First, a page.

The Participatory Self

By coming to understand ourselves as social beings, liberals may come to see forms of participation such as social justice work not simply as a choice we make (or do not make) as individuals but as a fundamental factor in the formation of our own identities.  In other words, we must think of social justice work not simply as something we do, but as part of who we are.  If I cannot see myself in solidarity with others whose circumstances are different from my own, then something is missing from my own identity.  My sense of self is incomplete.  In this self-help oriented culture, we often feel the need to attend to our own well-being before we can reach out to someone else.  But the idea of participation can remind us that our own well-being is deeply connected to the well-being of others and that we can be healed only when there is healing, and justice, for others as well.

Rev. Dr. Paul Rasor, Faith Without Certainty: Liberal Theology in the 21st Century, p. 104

Defining Liberal Theology

At the basic level, we can say that liberal theology is based on the premise that human religiousness should be understood and interpreted from the perspective of modern knowledge and modern life experience.  It has been said that liberal theology tries to articulate a framework within which one can be deeply religious and thoroughly modern at the same time.  From this orientation, liberal theology is characterized by commitments to free and open intellectual inquiry, to the autonomous authority of individual experience and reason, to the ethical dimensions of religion, and to making religion intellectually credible and socially relevant…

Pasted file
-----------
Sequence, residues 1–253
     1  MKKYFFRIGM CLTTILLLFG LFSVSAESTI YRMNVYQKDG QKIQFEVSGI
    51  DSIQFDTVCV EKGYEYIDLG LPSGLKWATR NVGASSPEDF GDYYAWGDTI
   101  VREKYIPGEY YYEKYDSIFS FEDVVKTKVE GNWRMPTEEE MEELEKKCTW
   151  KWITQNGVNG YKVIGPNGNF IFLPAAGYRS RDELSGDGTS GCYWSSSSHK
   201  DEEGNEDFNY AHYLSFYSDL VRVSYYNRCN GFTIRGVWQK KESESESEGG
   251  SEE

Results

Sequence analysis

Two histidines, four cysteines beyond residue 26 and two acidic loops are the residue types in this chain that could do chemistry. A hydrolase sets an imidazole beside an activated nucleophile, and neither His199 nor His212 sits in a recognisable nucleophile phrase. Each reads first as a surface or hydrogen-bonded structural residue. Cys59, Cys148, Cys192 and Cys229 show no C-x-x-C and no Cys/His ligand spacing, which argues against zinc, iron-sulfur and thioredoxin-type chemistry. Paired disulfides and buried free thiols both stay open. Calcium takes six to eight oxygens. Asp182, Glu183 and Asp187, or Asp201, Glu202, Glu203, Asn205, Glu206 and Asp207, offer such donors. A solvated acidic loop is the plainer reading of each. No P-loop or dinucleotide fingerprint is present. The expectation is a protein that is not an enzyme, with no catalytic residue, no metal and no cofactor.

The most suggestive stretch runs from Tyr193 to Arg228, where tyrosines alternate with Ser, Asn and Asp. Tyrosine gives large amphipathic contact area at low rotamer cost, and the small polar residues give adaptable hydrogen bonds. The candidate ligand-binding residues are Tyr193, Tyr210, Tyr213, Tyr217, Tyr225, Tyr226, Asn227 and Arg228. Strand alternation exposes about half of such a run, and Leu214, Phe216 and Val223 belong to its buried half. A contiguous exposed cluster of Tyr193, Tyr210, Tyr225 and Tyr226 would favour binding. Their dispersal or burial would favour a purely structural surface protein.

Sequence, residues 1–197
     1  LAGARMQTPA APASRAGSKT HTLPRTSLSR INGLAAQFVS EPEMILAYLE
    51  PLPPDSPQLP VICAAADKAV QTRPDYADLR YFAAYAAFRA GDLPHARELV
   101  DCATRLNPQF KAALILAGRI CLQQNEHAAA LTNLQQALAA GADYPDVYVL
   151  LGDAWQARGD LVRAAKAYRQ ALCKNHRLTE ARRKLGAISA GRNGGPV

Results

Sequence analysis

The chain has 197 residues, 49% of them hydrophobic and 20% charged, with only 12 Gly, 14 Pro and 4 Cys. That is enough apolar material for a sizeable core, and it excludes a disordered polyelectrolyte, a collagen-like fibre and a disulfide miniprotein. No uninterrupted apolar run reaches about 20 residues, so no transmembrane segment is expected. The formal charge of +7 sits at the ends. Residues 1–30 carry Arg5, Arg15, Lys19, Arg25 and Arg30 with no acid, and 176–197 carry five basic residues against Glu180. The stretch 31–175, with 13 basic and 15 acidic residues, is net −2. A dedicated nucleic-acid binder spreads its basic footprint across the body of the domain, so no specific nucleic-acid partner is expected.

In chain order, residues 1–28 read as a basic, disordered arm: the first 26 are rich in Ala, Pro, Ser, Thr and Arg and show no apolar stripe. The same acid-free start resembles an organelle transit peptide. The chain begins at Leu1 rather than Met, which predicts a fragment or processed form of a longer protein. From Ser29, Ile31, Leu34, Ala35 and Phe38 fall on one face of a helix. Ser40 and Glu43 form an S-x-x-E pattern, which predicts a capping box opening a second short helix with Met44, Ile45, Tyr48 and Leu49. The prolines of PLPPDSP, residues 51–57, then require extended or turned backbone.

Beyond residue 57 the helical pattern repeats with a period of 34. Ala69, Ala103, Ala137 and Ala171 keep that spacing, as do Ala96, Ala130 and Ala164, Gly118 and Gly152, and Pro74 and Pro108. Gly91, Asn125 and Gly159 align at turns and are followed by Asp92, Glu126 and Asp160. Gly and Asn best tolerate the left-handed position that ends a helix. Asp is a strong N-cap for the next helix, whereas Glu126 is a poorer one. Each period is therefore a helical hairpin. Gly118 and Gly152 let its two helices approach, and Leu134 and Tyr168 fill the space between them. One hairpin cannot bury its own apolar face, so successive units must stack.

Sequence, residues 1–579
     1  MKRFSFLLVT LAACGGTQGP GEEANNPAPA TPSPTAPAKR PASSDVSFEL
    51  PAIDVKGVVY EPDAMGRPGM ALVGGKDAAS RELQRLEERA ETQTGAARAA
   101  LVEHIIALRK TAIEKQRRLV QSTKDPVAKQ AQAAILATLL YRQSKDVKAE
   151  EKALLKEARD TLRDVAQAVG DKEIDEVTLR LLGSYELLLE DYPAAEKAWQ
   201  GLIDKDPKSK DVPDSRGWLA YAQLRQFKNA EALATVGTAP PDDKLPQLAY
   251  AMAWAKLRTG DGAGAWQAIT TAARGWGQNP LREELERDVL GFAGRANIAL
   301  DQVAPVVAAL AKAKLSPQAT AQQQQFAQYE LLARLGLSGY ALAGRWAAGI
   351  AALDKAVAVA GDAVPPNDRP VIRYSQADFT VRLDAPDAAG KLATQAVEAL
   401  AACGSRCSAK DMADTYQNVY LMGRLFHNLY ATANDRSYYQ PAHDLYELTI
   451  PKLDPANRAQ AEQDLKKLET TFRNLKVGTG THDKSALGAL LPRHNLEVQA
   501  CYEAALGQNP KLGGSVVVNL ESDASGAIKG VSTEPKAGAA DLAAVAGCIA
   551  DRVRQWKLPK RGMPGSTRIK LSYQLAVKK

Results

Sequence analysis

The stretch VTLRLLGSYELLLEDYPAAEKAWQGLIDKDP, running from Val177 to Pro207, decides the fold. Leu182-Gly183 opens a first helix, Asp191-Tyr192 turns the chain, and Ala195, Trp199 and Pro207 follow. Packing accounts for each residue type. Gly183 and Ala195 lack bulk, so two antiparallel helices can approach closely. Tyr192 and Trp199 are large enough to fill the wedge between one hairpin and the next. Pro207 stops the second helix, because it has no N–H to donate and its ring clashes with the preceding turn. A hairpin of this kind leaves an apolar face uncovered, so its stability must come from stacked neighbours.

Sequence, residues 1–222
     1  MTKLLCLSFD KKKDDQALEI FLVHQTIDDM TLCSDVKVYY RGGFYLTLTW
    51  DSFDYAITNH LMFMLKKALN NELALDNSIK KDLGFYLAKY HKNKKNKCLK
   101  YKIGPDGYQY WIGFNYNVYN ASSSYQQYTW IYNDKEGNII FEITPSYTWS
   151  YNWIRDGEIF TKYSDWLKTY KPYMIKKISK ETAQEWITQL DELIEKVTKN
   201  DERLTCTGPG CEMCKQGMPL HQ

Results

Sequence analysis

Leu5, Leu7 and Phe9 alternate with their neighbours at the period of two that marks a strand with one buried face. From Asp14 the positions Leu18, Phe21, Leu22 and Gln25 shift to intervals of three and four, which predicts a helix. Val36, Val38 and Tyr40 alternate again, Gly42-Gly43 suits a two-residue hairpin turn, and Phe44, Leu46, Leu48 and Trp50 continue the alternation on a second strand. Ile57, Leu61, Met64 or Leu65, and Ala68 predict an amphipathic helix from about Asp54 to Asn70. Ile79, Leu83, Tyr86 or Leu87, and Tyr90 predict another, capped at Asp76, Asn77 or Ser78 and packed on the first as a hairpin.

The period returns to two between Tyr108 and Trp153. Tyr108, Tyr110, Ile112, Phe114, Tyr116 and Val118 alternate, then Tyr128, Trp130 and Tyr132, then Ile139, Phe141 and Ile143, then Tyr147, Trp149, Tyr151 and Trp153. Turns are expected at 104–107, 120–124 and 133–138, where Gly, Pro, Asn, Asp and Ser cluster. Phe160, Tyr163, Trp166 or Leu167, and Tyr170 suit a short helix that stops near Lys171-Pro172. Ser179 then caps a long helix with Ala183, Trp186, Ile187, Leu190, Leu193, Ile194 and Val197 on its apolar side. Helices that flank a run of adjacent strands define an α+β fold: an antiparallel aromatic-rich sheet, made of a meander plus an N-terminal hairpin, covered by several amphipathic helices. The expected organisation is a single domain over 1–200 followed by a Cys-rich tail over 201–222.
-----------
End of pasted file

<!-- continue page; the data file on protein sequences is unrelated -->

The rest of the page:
Liberal theologian and social ethicist James Luther Adams put it this way: “Liberal religion by its very nature has aimed to live on the frontier and to break new paths.”

Rev. Dr. Paul Rasor, Faith Without Certainty: Liberal Theology in the 21st Century

A Vast Temple of Being

Convento do Carmo in Lisbon. Image by Chris Adams. Used by permission under GDFL.

I came across this beautiful passage in the first volume of Gary Dorrien’s trilogy: The Making of American Liberal Theology: Imagining Progressive Religion 1805-1900, which I am currently reading.  Dorrien takes this passage itself from the Congregationalist preacher, Horace Bushnell (1802-1876).

I stand here then a thinking creature in a vast temple of being.  The sky is over me, the earth beneath, and around me I gaze at the floor and the walls and the shafted pillars of the temple and behold all overlaid and inlaid with types of thought.  Whose thought?  If I am intelligent so is the world.  I live here – amazing thought! – embosomed in the eternal intelligence of God.